Tag Clojure

Whitney Reloaded

As half of Monomatic, I contributed an algorithmic video piece to a set of works entitled Whitney Evolved, projected at the Kinetica Art Fair last month. (Other contributors included Lewis Sykes, Evan Raskob, Mick Grierson and Paul Prudence.) Each work was inspired by the early animation work of John Whitney Senior, much of which was done using mechanical equipment many years before computers became powerful enough to render his images in real time.

This particular piece takes Whitney’s basic “rose” pattern and duplicates it into translucent layers of discs, rotating at arithmetically related speeds so that the layers drift into and out of various patterns of alignment. The virtual camera performs a continuous slow pan around the structure from poles to equator, its distance varying as it orbits.

Technology: the Whitney algorithm is written in Clojure and hosted in Field, which takes care of the OpenGL display. Projection in the P3 Ambika space courtesy of a pair of the inevitable Barco FX-20s.

Fusion Programming: From Python to Clojure and Back


Recently we’ve been working on several digital art projects using Field as a development and presentation platform but with Clojure running the core, domain-specific algorithmic code. This choice is, admittedly, partly because Clojure is new and shiny, but we also like the Emacs- and Leiningen-based development environment (complete with continuous integration testing), and Clojure’s clean functional semantics lends itself to realtime, evolutionary artworks. Since Field works at the level of Python-on-Java (via Jython), and Clojure runs in the JVM, the Python and Clojure worlds inevitably collide.

MaxMSP Showing and Telling


We’re workshopping, and gigging, at the M4_u (Max/MSP for Users) Convention, 13th to 14th of January, Phoenix Square, Leicester. The workshop is pretty much going to be a repeat of that given at the Cycling ’74 Expo – building an algorithmic step sequencer and abstract display system using Clojure. The gig will be monome-based, probably with some pulse sequencer action.

Clojure Workshop, Expo ’74, October


We are running a workshop on concurrent patchers and data structures with MaxMSP and Clojure at the Cycling ’74 Expo in Brooklyn, October 14-16. Details to follow. For that matter, details to be designed and coded.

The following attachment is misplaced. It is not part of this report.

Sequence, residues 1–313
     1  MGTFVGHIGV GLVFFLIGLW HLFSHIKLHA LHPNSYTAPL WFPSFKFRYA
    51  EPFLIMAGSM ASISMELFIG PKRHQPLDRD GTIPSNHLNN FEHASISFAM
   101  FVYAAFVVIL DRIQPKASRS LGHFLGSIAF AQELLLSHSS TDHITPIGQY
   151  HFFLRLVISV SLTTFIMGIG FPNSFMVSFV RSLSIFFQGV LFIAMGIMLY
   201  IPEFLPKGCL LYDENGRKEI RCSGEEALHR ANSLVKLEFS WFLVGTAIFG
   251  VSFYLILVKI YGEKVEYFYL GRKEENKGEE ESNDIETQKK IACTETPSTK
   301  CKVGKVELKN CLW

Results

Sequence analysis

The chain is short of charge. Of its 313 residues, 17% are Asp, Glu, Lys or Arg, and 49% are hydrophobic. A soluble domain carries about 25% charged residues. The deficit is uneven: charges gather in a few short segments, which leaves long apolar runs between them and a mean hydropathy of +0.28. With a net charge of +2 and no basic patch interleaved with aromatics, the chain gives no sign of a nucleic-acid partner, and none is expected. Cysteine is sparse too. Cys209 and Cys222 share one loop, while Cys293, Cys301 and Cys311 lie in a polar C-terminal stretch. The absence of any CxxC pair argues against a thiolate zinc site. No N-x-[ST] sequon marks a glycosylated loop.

Anyone who wants to get a flavour of how the workshop might pan out should check out the existing Python-for-MaxMSP package, and then close their eyes and try to imagine what that might look and feel like if the underlying language were Clojure rather than Python.

I’m anticipating that full-on functional programming techniques will be new to many MaxMSP users, and the uncompromising nature of the Lisp syntax can also be a bit of a hurdle, so I’m planning to spend some workshop time getting up to speed on those aspects before looking at the concurrency features specific to Clojure itself.

Clojure in MaxMSP


One of the things moving up my to-do list is an environment for hosting the Clojure language inside MaxMSP. Clojure is hosted on the Java JVM, just like the languages for my other MaxMSP hosting projects, Python and Groovy, although the Clojure interpreter is rather an odd beast compared to the other two. Specifically, it’s not clear to me (yet) exactly what it means to build a Max patcher with several Clojure objects inside it, and one of the strengths of Clojure is its ability to deal cleanly with concurrency and interaction between decoupled computations, so there should only really be “one” Clojure environment which everything somehow shares and uses for communication.

That aside, Clojure is good at Java interoperability, and has a built-in compiler which generates real class files for synthesised Java classes matching interfaces or extending existing classes, so getting a Clojure program into MaxMSP is just a case of configuring this machinery. (The Leiningen build tool does most of the work.)

So, proof of concept: a simple stopwatch for MaxMSP in Clojure. It’s quite stateful, and doesn’t do much with data structures or higher-order functions, so it’s a feeble example of Clojure’s power and not a very convincing use case, but it gets the ball rolling.